Whitefield’s first sermon was preached in the very town where he was born, at the church of St Mary-le-Crypt, Gloucester – ‘As I proceeded I perceived the fire kindled, till at last, though so young and amidst a crowd of those who knew me in my childish days, I was enabled to speak with some degree of gospel authority.’
Almost immediately after his ordination, Whitefield went to Oxford and took his degree as Bachelor of Arts. He then commenced his regular ministerial life by undertaking temporary duty at the Tower Chapel, London, for two months. While engaged there he preached continually in many London churches; and among others, in the parish churches of Islington, Bishopsgate, St Dunstan’s, St Margaret’s, Westminster, and Bow, Cheapside. From the very first he obtained a degree of popularity such as no preacher, before or since, has probably ever reached. Whether on week-days or Sundays, wherever he preached, the churches were crowded, and an immense sensation was produced. The plain truth is, that a really eloquent, extempore preacher, preaching the pure gospel with most uncommon gifts of voice and manner, was at that time an entire novelty in London. The congregations were taken by surprise and carried by storm.
From London he removed for two months to Dummer, a little rural parish in Hampshire, near Basingstoke. From there he accepted an invitation, which had been much pressed on him by the Wesleys, to visit the colony of Georgia in North America, and assist in the care of an Orphan House which had been set up near Savannah for the children of colonists. After preaching for a few months in Gloucestershire, and especially at Bristol and Stonehouse, he sailed for America in the latter part of 1737, and continued there about a year. The affairs of this Orphan House, it may be remarked, occupied much of his attention from this period of his life till he died. Though well-meant, it seems to have been a design of very questionable wisdom, and certainly entailed on Whitefield a world of anxiety and responsibility to the end of his days.
Whitefield returned from Georgia at the latter part of the year 1738, partly to obtain priest’s orders, which were conferred on him by his old friend Bishop Benson, and partly on business connected with the Orphan House. He soon, however, discovered that his position was no longer what it was before he sailed for Georgia. The bulk of the clergy were no longer favourable to him, and regarded him with suspicion as an enthusiast and a fanatic. They were especially scandalized by his preaching the doctrine of regeneration or the new birth, as a thing which many baptized persons greatly needed! The number of pulpits to which he had access rapidly diminished. Churchwardens, who had no eyes for drunkenness and impurity, were filled with intense indignation about what they called ‘breaches of order’. Bishops who could tolerate Arianism, Socinianism, and Deism, were filled with indignation at a man who declared fully the atonement of Christ and the work of the Holy Ghost, and began to denounce him openly. In short, from this period of his life, Whitefield’s field of usefulness within the Church of England narrowed rapidly on every side.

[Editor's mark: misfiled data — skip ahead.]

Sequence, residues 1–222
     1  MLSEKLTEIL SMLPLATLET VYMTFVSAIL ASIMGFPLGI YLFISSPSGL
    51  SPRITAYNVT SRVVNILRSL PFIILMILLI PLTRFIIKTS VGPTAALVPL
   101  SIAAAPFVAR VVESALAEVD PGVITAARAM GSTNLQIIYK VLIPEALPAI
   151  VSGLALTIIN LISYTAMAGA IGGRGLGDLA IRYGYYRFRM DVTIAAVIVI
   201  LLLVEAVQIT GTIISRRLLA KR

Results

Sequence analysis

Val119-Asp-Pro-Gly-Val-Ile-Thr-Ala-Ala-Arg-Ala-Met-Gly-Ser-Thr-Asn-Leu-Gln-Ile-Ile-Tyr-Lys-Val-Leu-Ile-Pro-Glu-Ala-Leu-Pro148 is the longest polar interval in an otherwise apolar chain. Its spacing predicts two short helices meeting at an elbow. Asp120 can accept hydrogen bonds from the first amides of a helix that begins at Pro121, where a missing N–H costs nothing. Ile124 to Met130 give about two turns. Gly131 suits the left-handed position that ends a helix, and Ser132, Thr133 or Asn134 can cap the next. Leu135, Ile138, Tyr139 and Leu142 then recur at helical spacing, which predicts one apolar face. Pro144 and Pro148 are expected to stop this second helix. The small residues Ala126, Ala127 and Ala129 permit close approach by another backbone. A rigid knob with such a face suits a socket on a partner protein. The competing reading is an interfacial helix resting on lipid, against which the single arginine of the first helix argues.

The step which at this juncture gave a turn to the whole current of Whitefield’s ministry was his adoption of the system of open-air preaching. Seeing that thousands everywhere would attend no place of worship, spent their Sundays in idleness or sin, and were not to be reached by sermons within walls, he resolved, in the spirit of holy aggression, to go out after them ‘into the highways and hedges’, on his Master’s principle, and ‘compel them to come in’. His first attempt to do this was among the colliers at Kingswood near Bristol, in February, 1739. After much prayer he one day went to Hannam Mount, and standing upon a hill began to preach to about a hundred colliers upon Matthew 5:1-3. The thing soon became known. The number of hearers rapidly increased, till the congregation amounted to many thousands.
Whitefield’s own account of the behaviour of these neglected colliers, who had never been in a church in their lives, is deeply affecting: ‘Having’, he writes to a friend, ‘no righteousness of their own to renounce, they were glad to hear of a Jesus who was a friend to publicans, and came not to call the righteous but sinners to repentance. The first discovery of their being affected was the sight of the white gutters made by their tears, which plentifully fell down their black cheeks as they came out of their coal-pits. Hundreds of them were soon brought under deep conviction, which, as the event proved, happily ended in a sound and thorough conversion.’
Two months after this Whitefield began the practice of open-air preaching in London, on 27 April, 1739. The circumstances under which this happened were curious. He had gone to Islington to preach for the vicar, his friend Mr Stonehouse. In the midst of the prayer the churchwardens came to him and demanded his licence for preaching in the diocese of London. Whitefield, of course, had not got this licence. The upshot of the matter was, that being forbidden by the churchwardens to preach in the pulpit, he went outside after the communion-service, and preached in the churchyard. From that day forward he became a constant field-preacher, whenever weather and the season of the year made it possible.